The salak is a type of palm tree which grows its fruit in clusters at the base of the plant (rather than dropping it on you from above, like some other palm trees I could mention).
A noni is a type of mulberry, but one which is far too ugly to have a handbag named after it. The fruit can reach up to 18cm long and looks like some kind of gross, larval blob – like it might suddenly split open and a horrible insect will climb out and fly towards you.
Buddha’s hand is a citrus fruit originating in India or China. Judging by its appearance, it’s 50% lemon and 50% squid (figures are approximate).
I’m not sure if it says something about the Philippines, but the people who live there certainly believe in a lot of strange creatures. Of course there are giants, mermaids and vampires – all the usual ones – but there’s also manananggal (a monster who can split in two and the top half flies off), pasatsats (ghosts of people who died, specifically, in the Second World War) and Tikbalang (a misdirecting horse/man/horse).
From Muffin the mule to Iggle Piggle, children’s television in Britain has never been short of puppets. Whether cute (Bagpuss), scary (Zelda from Terrahawks) or confusing (George from Rainbow), each one has added to our country’s cultural history, even though the real talent remains hidden above, below or inside them.
There are many things that we, as a nation, are good at, for instance: making tea, apologising needlessly and… drinking tea. Learning other languages isn’isn’t one of them. We are the slow learners of Europe. And can you blame us? Not only do we have to get our heads around words very often being male or female (why does anyone need a lady-word?) or sentences being the wrong way around (I don’t have “eyes blue”, “hair blonde”!), there are words and phrases we don’t even translate into English!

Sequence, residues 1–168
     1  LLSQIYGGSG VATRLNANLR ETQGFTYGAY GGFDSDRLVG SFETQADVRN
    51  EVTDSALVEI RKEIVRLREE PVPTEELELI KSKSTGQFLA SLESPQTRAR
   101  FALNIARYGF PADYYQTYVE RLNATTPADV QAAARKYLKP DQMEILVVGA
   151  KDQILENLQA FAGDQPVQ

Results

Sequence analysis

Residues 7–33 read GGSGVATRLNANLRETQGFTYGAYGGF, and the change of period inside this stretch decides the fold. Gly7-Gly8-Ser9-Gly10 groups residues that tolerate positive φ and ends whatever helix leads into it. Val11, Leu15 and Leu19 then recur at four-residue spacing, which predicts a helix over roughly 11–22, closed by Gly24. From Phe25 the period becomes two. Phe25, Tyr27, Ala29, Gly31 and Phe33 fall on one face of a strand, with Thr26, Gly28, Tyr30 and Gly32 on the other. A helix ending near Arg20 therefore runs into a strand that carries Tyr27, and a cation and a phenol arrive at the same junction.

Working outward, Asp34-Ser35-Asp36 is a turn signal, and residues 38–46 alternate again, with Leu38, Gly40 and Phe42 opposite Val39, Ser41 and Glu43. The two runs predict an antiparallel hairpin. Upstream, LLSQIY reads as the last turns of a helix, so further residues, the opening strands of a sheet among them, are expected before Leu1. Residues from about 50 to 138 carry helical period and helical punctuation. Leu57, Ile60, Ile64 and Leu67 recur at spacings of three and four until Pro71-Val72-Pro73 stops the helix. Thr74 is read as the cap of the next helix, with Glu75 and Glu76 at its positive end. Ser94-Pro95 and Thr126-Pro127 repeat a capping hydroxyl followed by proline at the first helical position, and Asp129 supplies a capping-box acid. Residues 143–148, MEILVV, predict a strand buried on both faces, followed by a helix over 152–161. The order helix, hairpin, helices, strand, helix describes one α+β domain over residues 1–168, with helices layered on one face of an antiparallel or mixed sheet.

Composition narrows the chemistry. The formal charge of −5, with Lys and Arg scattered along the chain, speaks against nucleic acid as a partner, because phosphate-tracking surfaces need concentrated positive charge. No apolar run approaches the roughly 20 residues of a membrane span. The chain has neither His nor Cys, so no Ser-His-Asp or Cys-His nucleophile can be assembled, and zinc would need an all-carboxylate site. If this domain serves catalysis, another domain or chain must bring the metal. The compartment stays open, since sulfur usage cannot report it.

Most plants are vegetarian, but for others a diet of mud and photosynthesis just isn’t enough. Whether because of a simple craving for meat or (more likely) because of a lack of nutrients in the soil, some plants have turned carnivorous and started devouring the surrounding wildlife. One such meat-eater is the cobra lily, a type of pitcher plant native to California and Oregon.
A series on dances from around the world would seem incomplete without Morris dancing, even if familiarity may have blinded us to just how odd it is. For those who don’t know, morris is a traditional English folk dance in which groups of heavily-bearded men tie bells to their legs and wave their handkerchiefs around. The first recorded mention of morris dancing dates from 1448, when a payment of seven shillings was made to a group of dancers (possibly in an attempt to make them go away).
Popularly known as cossack dancing, or “that sitting down, kicking legs dance”, hopak is the national dance of Ukraine. The name comes from the Ukrainian word for jump, as well as the exclamation “hop”, which is an expression of surprise or amazement – somehow it makes the dance seem even more fun to imagine that the dancers are all surprised by their movements.
Schuhplattler is a traditional German folk dance from Bavaria. Usually, schuhplattler displays feature groups of men slapping themselves (and sometimes each other) on the knees, the thighs and the soles of their shoes. Amazingly, the dance is probably over a thousand years old – it was first described in 1050AD. It’s nice to know that schuhplattler has such a long history (because it would seem even stranger if it had been invented in, say, 1995).